DUBAI (Reuters) – Standard Chartered is looking to add bankers to focus on sustainable finance, project finance and capital markets in Saudi Arabia, a market it sees will become a “front-runner” for its regional business in coming years, a senior executive said.
Standard Chartered this year began offering banking services through its branch in Saudi Arabia with a team of 25 people after it was granted a banking licence in 2019.
The licence helped the bank to expand beyond the capital markets business it has conducted in the country since 2011.
“This has just been a start and we will continue to add as business grows. We have the capacity to quite easily double what we have currently,” Sunil Kaushal, the bank’s regional CEO for Africa and Middle East, said, referring to staff numbers.
“Do remember we have a large presence in the regional office, so some of it will be fresh hires, some of it will be moves from here to the kingdom,” he told Reuters.
On Wednesday, Fahad al-Mubarak, governor of the Saudi Central Bank, formally inaugurated the branch during a roundtable session in Riyadh.
Kaushal said the bank’s strategy in Saudi Arabia is to work with subsidiaries of global corporates and financial institutions, while taking part in transactions that contribute to the country’s economic development.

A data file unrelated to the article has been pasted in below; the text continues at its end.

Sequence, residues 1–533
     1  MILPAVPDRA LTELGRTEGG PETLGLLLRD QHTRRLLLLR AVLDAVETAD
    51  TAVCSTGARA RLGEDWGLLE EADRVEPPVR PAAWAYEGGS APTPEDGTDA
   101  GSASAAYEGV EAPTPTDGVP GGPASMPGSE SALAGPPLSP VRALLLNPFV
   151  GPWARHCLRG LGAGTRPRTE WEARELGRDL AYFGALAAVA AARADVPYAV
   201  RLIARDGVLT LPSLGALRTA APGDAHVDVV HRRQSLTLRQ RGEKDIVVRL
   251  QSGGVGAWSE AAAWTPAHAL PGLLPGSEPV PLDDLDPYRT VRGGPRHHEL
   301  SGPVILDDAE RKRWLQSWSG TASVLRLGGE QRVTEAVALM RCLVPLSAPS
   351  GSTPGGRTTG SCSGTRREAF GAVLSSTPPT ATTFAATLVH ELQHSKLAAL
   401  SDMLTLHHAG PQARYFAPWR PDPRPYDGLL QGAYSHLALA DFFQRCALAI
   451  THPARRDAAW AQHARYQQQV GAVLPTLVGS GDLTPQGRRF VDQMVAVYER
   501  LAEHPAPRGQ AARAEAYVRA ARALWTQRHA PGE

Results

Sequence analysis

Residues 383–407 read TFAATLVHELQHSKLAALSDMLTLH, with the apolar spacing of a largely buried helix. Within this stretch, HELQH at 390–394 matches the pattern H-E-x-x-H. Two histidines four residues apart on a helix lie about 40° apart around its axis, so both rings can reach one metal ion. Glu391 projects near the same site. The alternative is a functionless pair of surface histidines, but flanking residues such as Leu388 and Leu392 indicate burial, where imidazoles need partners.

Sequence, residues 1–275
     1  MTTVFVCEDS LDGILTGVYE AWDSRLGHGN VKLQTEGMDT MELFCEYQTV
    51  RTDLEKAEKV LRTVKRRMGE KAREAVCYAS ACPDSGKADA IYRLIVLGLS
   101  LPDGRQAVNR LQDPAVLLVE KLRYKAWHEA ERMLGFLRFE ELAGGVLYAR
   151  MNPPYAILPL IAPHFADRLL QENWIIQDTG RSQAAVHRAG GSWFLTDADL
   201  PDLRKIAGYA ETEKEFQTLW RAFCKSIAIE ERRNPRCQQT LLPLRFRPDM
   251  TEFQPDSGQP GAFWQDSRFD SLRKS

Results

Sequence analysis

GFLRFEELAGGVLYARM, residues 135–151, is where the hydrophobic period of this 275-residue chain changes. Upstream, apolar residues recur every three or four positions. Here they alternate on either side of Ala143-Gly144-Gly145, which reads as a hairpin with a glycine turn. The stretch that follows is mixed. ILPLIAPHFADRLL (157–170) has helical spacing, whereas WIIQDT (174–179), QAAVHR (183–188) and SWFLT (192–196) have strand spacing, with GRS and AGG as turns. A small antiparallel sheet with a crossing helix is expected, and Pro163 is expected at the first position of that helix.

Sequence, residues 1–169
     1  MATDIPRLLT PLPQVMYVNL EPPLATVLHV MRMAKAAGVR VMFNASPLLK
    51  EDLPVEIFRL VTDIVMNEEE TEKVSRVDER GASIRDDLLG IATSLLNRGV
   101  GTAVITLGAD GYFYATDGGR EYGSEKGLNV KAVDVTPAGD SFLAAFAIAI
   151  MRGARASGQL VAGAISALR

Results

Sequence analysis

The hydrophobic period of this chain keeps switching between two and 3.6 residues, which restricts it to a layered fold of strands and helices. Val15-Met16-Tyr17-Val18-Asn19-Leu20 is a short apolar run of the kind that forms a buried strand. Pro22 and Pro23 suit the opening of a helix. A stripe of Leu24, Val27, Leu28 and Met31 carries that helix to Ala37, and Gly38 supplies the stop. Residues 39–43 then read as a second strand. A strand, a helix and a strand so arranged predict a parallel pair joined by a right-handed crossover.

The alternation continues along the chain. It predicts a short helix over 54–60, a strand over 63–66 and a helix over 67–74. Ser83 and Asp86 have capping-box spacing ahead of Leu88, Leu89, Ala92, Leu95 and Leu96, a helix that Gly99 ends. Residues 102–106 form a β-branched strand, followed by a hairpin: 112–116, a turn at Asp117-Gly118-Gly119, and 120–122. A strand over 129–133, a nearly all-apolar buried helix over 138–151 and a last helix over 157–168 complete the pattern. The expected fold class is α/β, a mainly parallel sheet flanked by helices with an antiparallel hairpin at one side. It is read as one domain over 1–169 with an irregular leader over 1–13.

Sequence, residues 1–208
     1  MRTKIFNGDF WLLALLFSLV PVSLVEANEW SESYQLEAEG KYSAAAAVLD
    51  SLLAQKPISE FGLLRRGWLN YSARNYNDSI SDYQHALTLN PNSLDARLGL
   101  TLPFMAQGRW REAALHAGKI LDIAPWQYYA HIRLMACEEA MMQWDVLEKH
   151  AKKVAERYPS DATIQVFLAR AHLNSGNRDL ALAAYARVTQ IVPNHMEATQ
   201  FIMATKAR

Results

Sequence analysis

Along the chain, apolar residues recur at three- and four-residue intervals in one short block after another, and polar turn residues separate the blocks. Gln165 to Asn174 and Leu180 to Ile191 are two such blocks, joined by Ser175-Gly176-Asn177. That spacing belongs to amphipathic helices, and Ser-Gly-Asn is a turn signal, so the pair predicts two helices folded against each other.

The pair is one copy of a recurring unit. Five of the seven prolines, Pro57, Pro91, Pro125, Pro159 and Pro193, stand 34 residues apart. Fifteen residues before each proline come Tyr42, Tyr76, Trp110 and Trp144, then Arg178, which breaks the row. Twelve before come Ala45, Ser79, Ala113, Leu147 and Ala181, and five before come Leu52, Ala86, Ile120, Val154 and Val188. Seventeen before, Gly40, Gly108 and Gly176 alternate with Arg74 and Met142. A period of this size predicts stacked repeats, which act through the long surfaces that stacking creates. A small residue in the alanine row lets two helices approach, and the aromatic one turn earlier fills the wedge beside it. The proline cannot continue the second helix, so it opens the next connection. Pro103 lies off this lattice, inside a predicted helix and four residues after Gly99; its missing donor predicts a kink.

He said Islamic banking will also be a huge opportunity in the Saudi market.
“For many years to come Saudi Arabia would be – for this region Africa and the Middle East – frontrunner when it comes to contribution,” Kaushal said.
Currently, the United Arab Emirates, Pakistan, Nigeria and Kenya are the biggest markets in the bank’s Africa and the Middle East region.
Standard Chartered was among other banks this year hired to lead energy giant Saudi Aramco’s inaugural dollar sukuk issue that raised $6 billion.
Standard Chartered was also among banks hired by Saudi Arabia’s sovereign wealth fund, the Public Investment Fund, as members of an ESG panel for its medium-term capital-raising strategy, IFR News reported.
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